From January to November of this year, demand for Swiss watches was nothing short of insatiable. (According to the Federation of the Swiss Watch Industry, Switzerland exported the equivalent of 20.4 billion francs, or $22.2 billion, in that period, besting, by a couple of percentage points, the export figures for the same period in 2019.) The U.S. market drove much of that demand, reflecting the growing mania for high-end watches.
To satiate collectors and enthusiasts, watchmakers introduced countless models over the past 12 months — selecting the stand-out styles was no easy feat. The 16 watches listed below made the cut — a selection sure to intrigue, and perhaps provoke, watch fans.
Patek Philippe Ref. 5711/1A-018
It was the year’s best mic drop. In a move that shocked the watch world, Patek Philippe unveiled in early December the final final edition of its coveted Ref. 5711, aka the “Tiffany Blue” Nautilus, a 170-piece limited-edition featuring the Tiffany & Co. signature at 6 o’clock and a dial bathed in the retailer’s signature robin’s egg blue. And while it may not represent Patek Philippe’s finest example of watchmaking, the steel watch certainly will go down in history as one of the most polarizing timepieces of 2021. Few would deny the model serves as a poster child for the current era of skyrocketing demand for unobtainable steel sport models. (To wit: One example, put up for sale at Phillips’ New York watch auction in December, with proceeds going to benefit The Nature Conservancy, fetched $6.5 million.) On the flip side, Jay-Z proved it looks pretty damn good on the wrist.
Vacheron Constantin Historiques American 1921
Something about the off-center dial of Vacheron Constantin’s supremely elegant Historiques American 1921 feels just right for this year of twists and unexpected turns. A faithful adaptation of one of the brand’s most legendary timepieces, a cushion-shaped “driver’s watch” released in 1921, the encore edition that the brand introduced earlier this year honors the model’s centennial. And it’s as close to the original as it gets, down to the logo on the dial and the strap, which, while not vintage stock, was sourced from a supplier who specializes in early 20th-century calfskin leather styles. Talk about a time machine!
Jaeger-LeCoultre Reverso Tribute Nonantième
Jaeger-LeCoultre pulled out the stops for the 90th anniversary of its famed Reverso watch this year. Of all the novelties it introduced, including a four-faced model that blew our socks off, we’re partial to the Reverso Tribute Nonantième (meaning 90th in Swiss-French), an 18-karat pink-gold style with a silvered and sunray-brushed dial bearing a moon phase display at 6 o’clock and a date window at 12 o’clock. “It’s as classic and elegant as any traditional version of this model, but a turn of the dial reveals an entirely new expression,” we wrote upon its introduction in April, citing the model’s flip side, whose two round apertures, arranged like a figure-8, house a semi-jumping digital hour at 12 o’clock, among other enchanting details. Color us bewitched!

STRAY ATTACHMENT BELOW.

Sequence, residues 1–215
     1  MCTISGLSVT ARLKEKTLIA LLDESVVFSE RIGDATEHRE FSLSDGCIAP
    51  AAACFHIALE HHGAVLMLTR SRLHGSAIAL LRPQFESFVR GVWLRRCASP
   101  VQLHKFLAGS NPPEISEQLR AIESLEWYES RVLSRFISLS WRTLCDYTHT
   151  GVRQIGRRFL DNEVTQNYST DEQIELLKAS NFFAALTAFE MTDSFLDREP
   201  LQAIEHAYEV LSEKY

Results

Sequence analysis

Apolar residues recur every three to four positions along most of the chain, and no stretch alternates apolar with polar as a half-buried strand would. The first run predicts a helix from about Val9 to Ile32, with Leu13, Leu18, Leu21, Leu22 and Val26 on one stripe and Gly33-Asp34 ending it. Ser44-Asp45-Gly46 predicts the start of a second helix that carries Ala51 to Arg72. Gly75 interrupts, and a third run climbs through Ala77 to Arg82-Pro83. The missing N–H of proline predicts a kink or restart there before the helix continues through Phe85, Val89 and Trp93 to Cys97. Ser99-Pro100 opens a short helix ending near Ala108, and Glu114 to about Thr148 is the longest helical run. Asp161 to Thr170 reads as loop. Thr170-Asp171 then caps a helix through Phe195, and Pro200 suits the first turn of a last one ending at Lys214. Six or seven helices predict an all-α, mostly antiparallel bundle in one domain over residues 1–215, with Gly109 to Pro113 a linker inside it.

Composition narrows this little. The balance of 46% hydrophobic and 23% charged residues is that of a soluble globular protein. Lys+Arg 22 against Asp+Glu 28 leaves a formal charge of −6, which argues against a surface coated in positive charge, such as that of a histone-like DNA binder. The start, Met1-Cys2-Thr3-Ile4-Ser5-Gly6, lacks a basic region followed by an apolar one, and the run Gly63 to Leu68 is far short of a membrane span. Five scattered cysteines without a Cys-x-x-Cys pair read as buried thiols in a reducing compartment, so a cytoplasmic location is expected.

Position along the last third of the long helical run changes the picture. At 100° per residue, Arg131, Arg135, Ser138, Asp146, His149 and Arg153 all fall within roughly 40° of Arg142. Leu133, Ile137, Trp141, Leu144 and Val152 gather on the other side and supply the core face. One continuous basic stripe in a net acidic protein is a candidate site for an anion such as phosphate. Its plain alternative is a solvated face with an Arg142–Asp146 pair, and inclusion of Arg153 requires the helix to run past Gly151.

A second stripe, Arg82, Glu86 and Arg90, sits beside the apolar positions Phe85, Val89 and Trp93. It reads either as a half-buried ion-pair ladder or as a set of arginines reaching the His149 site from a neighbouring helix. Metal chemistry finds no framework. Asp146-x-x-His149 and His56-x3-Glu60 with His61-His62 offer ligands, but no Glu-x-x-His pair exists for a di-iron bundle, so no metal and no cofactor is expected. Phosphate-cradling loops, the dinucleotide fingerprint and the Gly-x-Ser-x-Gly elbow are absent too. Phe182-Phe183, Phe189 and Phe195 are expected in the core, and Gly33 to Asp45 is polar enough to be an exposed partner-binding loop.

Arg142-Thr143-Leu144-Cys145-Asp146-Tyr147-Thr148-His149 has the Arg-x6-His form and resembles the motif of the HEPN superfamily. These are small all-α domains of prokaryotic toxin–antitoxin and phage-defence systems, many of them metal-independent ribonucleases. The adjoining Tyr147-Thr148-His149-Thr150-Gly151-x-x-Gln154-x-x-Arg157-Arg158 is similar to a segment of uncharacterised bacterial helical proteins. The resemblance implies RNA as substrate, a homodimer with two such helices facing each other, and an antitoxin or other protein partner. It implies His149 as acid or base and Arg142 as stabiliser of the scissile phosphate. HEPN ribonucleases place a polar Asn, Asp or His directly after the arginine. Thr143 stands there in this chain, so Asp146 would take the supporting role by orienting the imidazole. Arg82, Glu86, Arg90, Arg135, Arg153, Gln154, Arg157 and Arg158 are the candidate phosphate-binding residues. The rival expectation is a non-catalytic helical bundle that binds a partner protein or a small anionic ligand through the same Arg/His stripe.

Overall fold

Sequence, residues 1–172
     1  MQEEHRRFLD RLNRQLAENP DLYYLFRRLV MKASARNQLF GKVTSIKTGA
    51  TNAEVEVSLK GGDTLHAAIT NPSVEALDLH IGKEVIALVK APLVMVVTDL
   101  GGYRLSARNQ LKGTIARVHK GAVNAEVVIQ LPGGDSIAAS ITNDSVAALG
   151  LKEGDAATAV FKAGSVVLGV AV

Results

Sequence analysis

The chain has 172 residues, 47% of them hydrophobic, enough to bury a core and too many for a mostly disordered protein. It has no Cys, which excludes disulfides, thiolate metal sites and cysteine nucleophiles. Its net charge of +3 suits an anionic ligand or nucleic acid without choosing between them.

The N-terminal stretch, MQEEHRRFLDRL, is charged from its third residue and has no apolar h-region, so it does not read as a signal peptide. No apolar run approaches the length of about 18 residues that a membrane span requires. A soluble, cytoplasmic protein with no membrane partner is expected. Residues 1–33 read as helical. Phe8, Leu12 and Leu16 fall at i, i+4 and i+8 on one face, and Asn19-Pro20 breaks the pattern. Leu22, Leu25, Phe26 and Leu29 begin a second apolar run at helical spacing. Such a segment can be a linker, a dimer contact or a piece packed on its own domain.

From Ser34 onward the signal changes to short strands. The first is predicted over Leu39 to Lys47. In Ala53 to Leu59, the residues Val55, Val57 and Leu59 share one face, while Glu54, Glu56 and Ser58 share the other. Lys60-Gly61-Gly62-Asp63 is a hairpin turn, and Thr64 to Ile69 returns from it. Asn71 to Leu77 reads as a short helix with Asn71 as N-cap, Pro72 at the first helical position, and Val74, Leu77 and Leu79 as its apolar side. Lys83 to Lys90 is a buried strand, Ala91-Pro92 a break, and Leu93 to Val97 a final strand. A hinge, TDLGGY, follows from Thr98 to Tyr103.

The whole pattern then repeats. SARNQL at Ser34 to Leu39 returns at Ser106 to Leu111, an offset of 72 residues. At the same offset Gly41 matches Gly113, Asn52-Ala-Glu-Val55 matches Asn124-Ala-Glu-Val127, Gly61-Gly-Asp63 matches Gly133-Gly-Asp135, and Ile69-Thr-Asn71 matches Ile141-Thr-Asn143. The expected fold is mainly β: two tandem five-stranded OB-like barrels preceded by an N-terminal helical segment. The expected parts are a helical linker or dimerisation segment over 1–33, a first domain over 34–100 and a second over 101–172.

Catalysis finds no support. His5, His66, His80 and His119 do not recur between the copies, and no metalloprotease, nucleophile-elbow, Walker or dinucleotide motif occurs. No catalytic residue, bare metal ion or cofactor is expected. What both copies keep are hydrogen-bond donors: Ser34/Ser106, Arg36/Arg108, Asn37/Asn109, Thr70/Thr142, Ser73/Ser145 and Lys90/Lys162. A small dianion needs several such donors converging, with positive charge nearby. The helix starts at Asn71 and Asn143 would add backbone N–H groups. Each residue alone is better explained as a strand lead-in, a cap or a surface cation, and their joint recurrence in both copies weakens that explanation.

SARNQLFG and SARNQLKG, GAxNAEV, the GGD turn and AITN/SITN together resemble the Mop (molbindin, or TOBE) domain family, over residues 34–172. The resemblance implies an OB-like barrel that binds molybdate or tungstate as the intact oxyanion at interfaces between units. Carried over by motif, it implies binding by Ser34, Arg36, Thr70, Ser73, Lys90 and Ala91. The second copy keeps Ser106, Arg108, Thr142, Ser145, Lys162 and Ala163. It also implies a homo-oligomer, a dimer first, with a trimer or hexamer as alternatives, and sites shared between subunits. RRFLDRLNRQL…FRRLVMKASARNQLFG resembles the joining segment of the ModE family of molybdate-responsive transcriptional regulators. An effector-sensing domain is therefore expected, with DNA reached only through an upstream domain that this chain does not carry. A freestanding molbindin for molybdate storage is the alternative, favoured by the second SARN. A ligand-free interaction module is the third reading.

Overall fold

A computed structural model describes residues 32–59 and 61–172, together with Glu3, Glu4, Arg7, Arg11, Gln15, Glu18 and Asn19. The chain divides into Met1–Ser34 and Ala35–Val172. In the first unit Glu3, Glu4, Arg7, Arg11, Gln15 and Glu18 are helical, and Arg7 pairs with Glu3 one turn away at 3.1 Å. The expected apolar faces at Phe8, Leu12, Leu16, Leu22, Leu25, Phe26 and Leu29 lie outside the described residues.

Vianney Halter Deep Space Resonance
Twenty-five years in the making, the Deep Space Resonance by Vianney Halter, one of the pioneers of contemporary, independent watchmaking, is a serious contender for the most philosophically advanced, horologically complex timepiece of the year, if not the decade. In short, the model is a triple-axis tourbillon equipped with an acoustic coupling mechanism incorporating two balance wheels. A tribute to undulatory physics, or the theory that light is transmitted as waves, the model is the product of an R&D effort Halter began in 1996, inspired by some of the 18th-century watchmaker Abraham-Louis Breguet’s early efforts to achieve resonance—a physical phenomenon in which an external force or a vibrating system forces another system around it to vibrate with greater amplitude at a specified frequency of operation. Watch lovers besotted with mechanical wizardry—this one’s for you.
Zenith Chronomaster Sport
The new Chronomaster Sport collection from Zenith strikes us as the fulfillment of a decades-old prophecy. Having introduced the El Primero caliber 400, the world’s first high-frequency automatic chronograph movement, in 1969, the brand lays claim to one of the 20th century’s greatest horological legacies. That it’s now capitalized on that legacy with a handsome chronograph equipped with the zippy new caliber 3600 seems like a decision that was predestined. Many onlookers have pointed out the model’s resemblance to the steel Rolex Daytona—this one, however, may actually be available at retail.
Bulgari Octo Finissimo Titanium Perpetual Calendar
The latest addition to Bulgari’s critically acclaimed Octo Finissimo series, a perpetual calendar housed in a sleek and ultra-lightweight titanium case, took home the “Aiguille d’Or” grand prize at the Grand Prix d’Horlogerie de Genève (GPHG) in November for its masterful take on micro-watchmaking. With a case that measures only 5.8 mm thick, the model is the world’s slimmest perpetual calendar. As Bulgari CEO Jean-Christophe Babin said when accepting the award, “It is an example of Italian genius and obsession for details.” We couldn’t agree more.
Grand Seiko SLGH005 “White Birch”